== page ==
Although I believe the career growth opportunities at your company would have been a great fit for me, the salary that the position offers is unfortunately less than what I am currently looking for.

I sincerely hope that there may be an opportunity in the future, and wish you the best.


[Your Name Here]

Example #2:

Dear Mr. Smith,

I sincerely appreciate the job offer letter for [job role name here]. I have made a decision to pursue another opportunity elsewhere at this time.

While I do find many aspects of the role appealing, I came to the conclusion that the position is not a great fit with my long term career goals.

Thank you for considering me for the position, and I hope that we may keep in touch.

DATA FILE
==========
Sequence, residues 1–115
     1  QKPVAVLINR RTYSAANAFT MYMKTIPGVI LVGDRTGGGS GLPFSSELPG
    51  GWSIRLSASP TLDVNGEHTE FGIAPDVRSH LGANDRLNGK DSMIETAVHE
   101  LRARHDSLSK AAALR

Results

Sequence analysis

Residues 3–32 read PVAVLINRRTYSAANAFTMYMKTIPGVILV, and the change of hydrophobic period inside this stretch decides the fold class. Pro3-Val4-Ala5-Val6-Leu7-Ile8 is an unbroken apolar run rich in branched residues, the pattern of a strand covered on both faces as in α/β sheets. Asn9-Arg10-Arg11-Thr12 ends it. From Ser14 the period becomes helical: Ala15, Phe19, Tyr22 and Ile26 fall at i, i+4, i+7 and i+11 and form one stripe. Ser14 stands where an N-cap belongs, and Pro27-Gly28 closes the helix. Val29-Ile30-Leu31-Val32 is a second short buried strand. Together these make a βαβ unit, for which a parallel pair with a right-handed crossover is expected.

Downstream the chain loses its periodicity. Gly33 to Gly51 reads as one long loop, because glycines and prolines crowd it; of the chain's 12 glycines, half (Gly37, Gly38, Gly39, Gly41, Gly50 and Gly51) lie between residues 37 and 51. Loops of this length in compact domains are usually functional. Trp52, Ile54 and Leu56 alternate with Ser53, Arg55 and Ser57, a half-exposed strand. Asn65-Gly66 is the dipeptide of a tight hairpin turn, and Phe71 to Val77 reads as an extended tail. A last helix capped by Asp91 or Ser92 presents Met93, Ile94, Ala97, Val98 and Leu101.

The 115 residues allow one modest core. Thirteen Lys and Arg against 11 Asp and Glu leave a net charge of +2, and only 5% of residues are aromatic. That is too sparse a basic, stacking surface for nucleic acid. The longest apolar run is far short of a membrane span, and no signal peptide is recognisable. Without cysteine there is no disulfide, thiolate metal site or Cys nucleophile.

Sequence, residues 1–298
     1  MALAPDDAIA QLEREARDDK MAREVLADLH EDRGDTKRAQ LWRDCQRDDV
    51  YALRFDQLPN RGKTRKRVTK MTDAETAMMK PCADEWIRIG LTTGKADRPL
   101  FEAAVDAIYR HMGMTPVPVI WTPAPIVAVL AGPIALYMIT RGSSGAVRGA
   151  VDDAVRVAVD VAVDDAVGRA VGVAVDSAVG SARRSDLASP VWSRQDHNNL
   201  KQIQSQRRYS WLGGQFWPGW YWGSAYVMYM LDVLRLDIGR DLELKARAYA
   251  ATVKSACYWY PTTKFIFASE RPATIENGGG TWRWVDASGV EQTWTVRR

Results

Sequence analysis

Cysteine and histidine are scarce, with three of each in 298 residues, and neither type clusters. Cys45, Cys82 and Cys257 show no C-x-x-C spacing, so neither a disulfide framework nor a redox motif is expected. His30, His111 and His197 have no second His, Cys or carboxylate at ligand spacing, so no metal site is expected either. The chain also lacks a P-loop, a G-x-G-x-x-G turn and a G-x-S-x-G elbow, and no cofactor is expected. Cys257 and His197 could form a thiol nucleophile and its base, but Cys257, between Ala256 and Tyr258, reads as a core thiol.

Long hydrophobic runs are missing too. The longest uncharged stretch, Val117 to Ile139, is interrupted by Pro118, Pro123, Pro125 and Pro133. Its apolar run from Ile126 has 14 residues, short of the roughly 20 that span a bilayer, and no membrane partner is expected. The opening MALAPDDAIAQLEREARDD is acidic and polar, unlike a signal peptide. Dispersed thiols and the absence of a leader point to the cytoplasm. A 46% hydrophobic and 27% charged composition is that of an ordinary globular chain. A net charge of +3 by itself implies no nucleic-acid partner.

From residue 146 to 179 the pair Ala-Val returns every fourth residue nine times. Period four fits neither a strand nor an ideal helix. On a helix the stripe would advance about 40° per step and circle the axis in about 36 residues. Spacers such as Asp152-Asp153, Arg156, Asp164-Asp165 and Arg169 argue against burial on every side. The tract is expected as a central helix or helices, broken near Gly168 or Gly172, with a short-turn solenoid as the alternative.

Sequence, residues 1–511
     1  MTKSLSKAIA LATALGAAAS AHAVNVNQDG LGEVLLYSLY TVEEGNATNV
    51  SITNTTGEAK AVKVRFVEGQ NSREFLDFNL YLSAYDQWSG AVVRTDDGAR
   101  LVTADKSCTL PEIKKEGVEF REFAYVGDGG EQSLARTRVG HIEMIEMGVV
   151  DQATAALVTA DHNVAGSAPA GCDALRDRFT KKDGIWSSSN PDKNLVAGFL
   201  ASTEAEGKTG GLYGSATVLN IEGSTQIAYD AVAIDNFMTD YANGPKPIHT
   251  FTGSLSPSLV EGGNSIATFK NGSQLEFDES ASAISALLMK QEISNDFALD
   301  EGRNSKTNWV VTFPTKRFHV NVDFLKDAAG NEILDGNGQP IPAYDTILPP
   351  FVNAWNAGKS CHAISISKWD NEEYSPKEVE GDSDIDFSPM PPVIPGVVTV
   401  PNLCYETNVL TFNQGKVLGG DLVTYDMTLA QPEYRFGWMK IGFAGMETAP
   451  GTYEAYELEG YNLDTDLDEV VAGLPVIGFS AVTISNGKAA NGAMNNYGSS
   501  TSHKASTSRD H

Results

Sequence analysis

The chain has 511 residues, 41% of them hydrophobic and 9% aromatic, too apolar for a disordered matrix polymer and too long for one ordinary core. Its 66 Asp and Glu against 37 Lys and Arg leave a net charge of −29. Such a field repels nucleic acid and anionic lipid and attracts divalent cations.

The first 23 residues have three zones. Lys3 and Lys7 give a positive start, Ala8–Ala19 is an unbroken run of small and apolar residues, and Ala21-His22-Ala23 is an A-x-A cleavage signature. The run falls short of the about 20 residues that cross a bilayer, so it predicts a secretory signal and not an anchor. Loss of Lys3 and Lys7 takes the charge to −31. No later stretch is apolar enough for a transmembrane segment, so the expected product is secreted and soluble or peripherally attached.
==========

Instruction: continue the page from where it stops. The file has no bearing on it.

Best Regards,

[Your Name Here]

Example #3:

Hi Josh,

I have reviewed your job offer letter. After careful consideration, I have decided to not move forward with this opportunity at this time.

As discussed during our interviews, due to family obligations, I have limited ability for extended work travel, and am afraid that I would not be able to commit to the travel days required by this role.

I am disappointed that this will keep me from accepting the job, as I believe all other aspects of the role are an excellent fit.

Please keep in touch and do let me know if any opportunities with less travel required may arise in the future.


[Your Name Here]

Example #4:

To Steve:

Thank you so much for the opportunity and job offer. After much consideration, I have decided that I will be pursuing other options at this point in my career.

I hope to keep in touch and if there are future opportunities at your company, I would love a chance to discuss them with you.

Warm regards,

[Your Name Here]